BOOK REVIEW: THE KILLING KIND


 

TITLE:  The Killing Kind

AUTHOR: John Connolly

BLURB: Nobody wants to believe that Grace Peltier committed suicide: not Curtis, her father; not former US senator Jack Mercier; and not private detective Charlie Parker, who has been hired to investigate the circumstances of her death.

But when a mass grave in northern Maine reveals the final resting place of the Aroostook Baptists, a religious community that disappeared almost forty years earlier, Parker realises that their deaths and the violent passing of Grace Peltier are part of the same mystery, one that has its roots in her family history and in the origins of the shadowy organisation known as the Fellowship.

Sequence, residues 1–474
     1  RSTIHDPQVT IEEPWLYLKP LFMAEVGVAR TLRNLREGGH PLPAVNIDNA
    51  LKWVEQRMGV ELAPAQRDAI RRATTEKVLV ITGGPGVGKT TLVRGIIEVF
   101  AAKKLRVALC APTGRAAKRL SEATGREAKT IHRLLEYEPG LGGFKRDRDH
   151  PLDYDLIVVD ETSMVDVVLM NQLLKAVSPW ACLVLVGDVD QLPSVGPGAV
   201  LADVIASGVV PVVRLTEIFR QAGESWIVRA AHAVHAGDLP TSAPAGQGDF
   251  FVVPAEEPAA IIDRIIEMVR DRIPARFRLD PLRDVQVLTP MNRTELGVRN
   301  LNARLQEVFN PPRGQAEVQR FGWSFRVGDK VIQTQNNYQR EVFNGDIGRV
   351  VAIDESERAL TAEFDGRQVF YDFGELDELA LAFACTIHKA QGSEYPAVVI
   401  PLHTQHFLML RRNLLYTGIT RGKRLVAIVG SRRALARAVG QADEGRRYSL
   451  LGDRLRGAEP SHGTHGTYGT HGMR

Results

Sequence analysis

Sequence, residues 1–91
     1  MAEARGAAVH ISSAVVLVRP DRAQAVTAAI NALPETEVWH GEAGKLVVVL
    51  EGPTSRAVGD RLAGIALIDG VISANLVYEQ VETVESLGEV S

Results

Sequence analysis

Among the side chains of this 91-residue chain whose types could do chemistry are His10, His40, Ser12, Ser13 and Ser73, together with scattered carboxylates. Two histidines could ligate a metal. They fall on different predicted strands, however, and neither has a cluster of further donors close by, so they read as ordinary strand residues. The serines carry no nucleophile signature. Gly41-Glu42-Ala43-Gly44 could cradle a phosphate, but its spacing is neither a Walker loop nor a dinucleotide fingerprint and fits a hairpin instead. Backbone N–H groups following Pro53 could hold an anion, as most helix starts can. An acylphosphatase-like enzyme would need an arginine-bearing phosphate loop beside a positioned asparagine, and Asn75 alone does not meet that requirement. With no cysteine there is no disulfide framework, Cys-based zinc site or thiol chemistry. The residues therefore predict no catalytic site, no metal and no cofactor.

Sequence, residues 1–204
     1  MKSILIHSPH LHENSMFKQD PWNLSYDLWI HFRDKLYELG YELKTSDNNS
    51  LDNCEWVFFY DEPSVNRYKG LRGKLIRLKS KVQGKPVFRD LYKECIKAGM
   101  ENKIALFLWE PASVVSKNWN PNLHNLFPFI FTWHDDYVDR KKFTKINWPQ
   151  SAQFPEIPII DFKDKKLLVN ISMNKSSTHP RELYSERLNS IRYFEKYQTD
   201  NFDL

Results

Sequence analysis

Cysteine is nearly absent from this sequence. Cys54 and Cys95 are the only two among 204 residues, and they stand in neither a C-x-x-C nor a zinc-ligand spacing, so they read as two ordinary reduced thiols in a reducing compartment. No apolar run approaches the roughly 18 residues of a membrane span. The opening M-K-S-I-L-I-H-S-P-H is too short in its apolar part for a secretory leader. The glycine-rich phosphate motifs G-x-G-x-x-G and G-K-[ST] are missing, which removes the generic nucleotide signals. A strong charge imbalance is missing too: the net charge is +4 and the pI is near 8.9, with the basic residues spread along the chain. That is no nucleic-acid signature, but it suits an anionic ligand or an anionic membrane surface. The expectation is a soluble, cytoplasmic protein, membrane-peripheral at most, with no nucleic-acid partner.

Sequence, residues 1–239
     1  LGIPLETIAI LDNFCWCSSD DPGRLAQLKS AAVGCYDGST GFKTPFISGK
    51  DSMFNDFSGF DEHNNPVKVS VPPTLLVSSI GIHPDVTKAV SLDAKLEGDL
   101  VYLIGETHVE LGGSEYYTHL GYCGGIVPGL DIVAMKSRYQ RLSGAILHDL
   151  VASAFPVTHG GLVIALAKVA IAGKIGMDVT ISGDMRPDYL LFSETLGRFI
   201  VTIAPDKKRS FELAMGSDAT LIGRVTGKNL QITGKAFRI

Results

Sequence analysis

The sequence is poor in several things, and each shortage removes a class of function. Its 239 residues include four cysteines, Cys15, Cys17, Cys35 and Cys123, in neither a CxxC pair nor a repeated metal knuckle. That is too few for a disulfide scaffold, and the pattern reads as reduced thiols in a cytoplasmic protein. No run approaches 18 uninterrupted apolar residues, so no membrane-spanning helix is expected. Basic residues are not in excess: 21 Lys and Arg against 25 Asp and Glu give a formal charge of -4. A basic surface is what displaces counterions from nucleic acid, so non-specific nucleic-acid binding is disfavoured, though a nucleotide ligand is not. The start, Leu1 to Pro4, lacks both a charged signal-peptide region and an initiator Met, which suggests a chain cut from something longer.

The third instalment in the Charlie Parker detective series introduces us to Elias Pudd and his secret weapon of eight-legged assassins. A long-time arachnophobe I squirmed my way through the passages where Pudd does his dirty work. Enough to keep me awake and begging for more.

Connolly introduces The Fellowship in what will become a regular dance with the notion of deranged groups of people with an agenda that falls just short of world domination. While twisting plots are de rigour for Charlie Parker novels, Connolly takes the time to make sure we know ‘why’ his characters do what they do as well as ‘how’ and lets us see under the lid of the checkered past of small town America. He does this in a way that’s unobtrusive and makes you feel like you’re just getting to know your neighbour’s idiosyncrasies – not neighbours any one of us would want to have to close our eyes and sleep next door too.

Didn’t quite grab me the way the first two novels did but it still left me wanting more, please.

 

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